Some 350 former boxers reconnected in Pretoria at the weekend‚ trading old war stories like they used to exchange leather in decades gone by.

The gathering marked the launch of Boxing Legends United‚ the brainchild of former SA lightweight champion Danny Myburgh who wants to help old professionals and up-and-coming amateurs.

The more recent of yesterday’s heroes‚ such as former world champions Dingaan Thobela‚ Lehlohonolo Ledwaba‚ Cassius Baloyi‚ Jan Bergman and Sebastiaan Rothmann mixed with the stars from more distant eras‚ such as Harold Volbrecht and Jimmy Abbott and amateur stalwarts Dan Bushney and the Markotter brothers‚ Kit and Pat.

They were  in their element at Bernie’s Joint in industrial Pretoria‚ surrounded by vintage cars and their own classic tales.

Abbott recalled trying to spend his first boxing purse on comics. He took his cheque to a CNA‚ but before he could indulge his love for Archie‚ Jughead and various super heroes‚ his father intervened.

“I wanted to buy comics‚ but my father came and he took my cheque away‚” he said.

Abbott‚ a giant of a boxer who possessed good hand speed and a granite chin‚ was tipped for stardom as a heavyweight.

“After I knocked out Kallie Knoetze [in one round] I thought I’d become a world champion.”

But he admitted to injecting steroids for five years of his career‚ and with that he says his appetite increased and he literally ate himself out of the boxing ring‚ ballooning to 370kg.

Three heart attacks and a stroke later‚ 60-year-old Abbott is down to 170kg and enjoying his best life.

When asked who had hit him the hardest‚ he thought about the question briefly and then replied with a laugh “nobody!”

Volbrecht recalled the night Abbott beat Knoetze at the Ellis Park tennis stadium in March 1980. He was a spectator at that event‚ and as he made his way to his seat he was asked by fans who he thought would win.

Volbrecht said he jokingly predicted Abbott would KO Knoetze.

“I actually had my money on Kallie‚” Volbrecht said.

But after Abbott had flattened “Die Bek van Boomstraat”‚ as Knoetze was known‚ the fans Volbrecht had spoken to were convinced the fight had been fixed.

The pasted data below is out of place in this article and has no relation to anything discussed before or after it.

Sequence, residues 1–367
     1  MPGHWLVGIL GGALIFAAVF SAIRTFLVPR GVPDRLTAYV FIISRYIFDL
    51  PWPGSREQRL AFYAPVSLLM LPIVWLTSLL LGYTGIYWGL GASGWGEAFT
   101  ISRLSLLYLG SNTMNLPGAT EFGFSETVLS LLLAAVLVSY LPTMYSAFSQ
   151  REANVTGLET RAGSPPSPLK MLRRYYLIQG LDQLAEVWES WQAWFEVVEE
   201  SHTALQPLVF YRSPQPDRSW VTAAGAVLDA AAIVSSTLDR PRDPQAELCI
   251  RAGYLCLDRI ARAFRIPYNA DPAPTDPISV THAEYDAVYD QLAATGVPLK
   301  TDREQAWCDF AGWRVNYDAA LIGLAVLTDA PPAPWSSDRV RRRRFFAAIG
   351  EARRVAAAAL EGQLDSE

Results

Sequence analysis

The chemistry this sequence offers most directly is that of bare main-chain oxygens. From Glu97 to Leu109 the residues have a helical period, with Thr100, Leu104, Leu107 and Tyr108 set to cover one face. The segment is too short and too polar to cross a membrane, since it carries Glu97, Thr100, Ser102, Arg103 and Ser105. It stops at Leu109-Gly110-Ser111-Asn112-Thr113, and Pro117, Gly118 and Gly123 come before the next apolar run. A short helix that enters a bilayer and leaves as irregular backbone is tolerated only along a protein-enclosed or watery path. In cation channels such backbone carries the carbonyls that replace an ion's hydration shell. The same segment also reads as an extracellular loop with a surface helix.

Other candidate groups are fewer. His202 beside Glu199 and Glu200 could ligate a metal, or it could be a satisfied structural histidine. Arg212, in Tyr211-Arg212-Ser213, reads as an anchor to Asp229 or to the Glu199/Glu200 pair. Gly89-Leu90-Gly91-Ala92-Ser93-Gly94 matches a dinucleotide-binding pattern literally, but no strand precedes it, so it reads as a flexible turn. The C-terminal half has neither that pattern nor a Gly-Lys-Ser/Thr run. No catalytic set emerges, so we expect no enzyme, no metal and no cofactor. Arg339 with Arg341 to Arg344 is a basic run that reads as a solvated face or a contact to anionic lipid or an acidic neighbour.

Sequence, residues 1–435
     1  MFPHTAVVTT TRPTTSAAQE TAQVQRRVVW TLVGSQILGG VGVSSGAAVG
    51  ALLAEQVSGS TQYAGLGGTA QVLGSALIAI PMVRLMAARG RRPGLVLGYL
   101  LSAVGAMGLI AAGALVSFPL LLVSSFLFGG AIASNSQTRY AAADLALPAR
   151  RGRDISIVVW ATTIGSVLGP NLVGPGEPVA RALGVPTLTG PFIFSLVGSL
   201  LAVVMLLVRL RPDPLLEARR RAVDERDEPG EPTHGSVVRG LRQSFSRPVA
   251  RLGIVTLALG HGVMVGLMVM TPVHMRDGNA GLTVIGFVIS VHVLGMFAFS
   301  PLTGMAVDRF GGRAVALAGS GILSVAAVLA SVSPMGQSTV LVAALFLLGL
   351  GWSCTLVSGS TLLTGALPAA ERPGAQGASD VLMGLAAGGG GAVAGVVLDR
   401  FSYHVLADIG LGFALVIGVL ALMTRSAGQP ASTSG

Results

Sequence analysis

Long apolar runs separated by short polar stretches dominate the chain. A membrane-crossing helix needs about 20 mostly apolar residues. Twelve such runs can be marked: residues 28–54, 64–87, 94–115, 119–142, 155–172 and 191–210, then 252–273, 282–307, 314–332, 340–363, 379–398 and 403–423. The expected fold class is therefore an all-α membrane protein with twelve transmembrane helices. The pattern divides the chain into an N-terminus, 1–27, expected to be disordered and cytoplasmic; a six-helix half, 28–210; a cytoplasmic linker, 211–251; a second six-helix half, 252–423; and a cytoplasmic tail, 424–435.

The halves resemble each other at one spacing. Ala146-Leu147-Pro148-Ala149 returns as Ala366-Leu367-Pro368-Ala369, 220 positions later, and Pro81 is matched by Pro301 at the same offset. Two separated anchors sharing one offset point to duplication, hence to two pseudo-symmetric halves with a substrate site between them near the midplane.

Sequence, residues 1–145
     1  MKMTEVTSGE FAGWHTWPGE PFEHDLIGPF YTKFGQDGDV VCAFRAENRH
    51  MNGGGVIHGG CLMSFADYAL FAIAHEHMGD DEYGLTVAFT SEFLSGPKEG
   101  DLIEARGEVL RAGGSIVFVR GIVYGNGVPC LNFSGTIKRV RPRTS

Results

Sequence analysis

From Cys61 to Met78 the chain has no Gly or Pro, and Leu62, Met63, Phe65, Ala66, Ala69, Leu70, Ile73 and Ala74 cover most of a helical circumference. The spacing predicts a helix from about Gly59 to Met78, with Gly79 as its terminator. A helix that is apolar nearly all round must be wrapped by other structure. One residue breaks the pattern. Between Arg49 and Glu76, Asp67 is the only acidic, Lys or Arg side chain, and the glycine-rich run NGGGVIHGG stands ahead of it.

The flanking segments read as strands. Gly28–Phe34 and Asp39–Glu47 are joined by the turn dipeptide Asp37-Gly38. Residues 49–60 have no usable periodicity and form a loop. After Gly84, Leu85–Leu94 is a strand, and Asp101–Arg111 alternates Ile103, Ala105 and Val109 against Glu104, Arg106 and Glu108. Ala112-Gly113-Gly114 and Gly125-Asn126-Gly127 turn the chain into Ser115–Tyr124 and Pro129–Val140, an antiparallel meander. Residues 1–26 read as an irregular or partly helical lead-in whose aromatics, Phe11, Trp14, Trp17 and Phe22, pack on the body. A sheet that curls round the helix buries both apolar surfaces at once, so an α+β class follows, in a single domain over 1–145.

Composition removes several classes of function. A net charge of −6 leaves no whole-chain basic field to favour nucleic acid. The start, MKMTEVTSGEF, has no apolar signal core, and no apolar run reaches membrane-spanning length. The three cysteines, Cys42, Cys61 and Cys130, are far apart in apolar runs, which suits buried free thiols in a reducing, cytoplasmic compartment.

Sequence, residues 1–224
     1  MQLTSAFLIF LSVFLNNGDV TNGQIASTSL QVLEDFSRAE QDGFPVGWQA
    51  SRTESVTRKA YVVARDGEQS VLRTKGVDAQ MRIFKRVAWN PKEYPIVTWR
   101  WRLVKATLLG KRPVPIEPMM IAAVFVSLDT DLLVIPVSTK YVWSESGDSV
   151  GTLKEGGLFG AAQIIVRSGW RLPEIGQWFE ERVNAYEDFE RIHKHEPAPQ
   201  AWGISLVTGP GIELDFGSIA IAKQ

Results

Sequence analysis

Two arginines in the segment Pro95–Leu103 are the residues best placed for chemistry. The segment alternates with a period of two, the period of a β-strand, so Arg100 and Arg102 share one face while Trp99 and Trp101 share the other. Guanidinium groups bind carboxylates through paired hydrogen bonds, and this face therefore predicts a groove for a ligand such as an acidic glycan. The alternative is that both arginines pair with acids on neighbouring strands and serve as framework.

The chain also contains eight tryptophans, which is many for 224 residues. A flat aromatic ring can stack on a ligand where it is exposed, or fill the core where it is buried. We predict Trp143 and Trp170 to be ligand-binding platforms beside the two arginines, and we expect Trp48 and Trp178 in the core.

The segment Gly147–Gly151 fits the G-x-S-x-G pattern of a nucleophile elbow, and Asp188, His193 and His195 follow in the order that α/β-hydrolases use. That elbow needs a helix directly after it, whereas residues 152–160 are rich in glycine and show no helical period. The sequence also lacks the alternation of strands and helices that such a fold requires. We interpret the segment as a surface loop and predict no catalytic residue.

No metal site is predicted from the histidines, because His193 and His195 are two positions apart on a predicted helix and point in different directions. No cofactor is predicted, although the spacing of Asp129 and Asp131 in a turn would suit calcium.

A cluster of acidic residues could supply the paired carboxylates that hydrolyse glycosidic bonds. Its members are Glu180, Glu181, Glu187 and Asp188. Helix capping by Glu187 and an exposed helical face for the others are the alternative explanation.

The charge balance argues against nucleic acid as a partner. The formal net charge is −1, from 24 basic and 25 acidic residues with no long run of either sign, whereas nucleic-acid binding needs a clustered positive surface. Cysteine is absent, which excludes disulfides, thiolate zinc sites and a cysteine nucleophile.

Volbrecht‚ who defended his SA welterweight title a record 19 times‚ presented three of his former foes with medals and then made a confession to them.

“I wasn’t a southpaw‚ I was switched by Hottie van Heerden‚” explained “The Hammer”‚ who is right-handed.

He learnt the left-handed stance as a child watching his then trainer Van Heerden‚ regarded as one of SA’s greatest southpaws.

Thobela recounted how as a young amateur Kit Markotter had helped him out‚ giving him assistance and a pair of gloves.

“We had a photo taken of us together then‚ with me wearing gloves that were too big for me‚” Thobela said.

He then invited Markotter onto the stage. “I’d like to get another picture with you.”

There were many former fighters who enjoyed less fame in their careers‚ but their memories were no less valuable.

Eddie Mileham‚ who briefly held the white versions of the SA lightweight and junior-lightweight titles in the 1970s‚ sparred with Arnold Taylor when he was preparing for his crack at the WBA bantamweight crown in 1973.

Taylor’s fitness was unmatched. Mileham remembered his stablemate running effortlessly up the BP centre in Braamfontein and then still running back to the gym.

Taylor’s stamina proved critical in the fight‚ as he absorbed incredible punishment before knocking out Romeo Anaya of Mexico in the penultimate 14th round in November 1973.

While the vintage cars that provided the backdrop to the day were still in good shape‚ many of the former fighters were not as slim as they used to be.

“We’re middleweights now‚” joked Bergman‚ who carried one of the finest left hooks in SA. “The weight is round the middle now.”

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